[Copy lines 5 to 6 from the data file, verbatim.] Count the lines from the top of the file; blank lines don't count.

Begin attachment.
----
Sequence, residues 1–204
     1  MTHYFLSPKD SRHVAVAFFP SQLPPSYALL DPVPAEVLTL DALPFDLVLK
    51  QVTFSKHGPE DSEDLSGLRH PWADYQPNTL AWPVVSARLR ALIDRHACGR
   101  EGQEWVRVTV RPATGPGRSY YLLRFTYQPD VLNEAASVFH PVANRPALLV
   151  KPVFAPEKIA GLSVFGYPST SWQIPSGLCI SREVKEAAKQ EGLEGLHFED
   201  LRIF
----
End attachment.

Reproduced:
   151  KPVFAPEKIA GLSVFGYPST SWQIPSGLCI SREVKEAAKQ EGLEGLHFED
   201  LRIF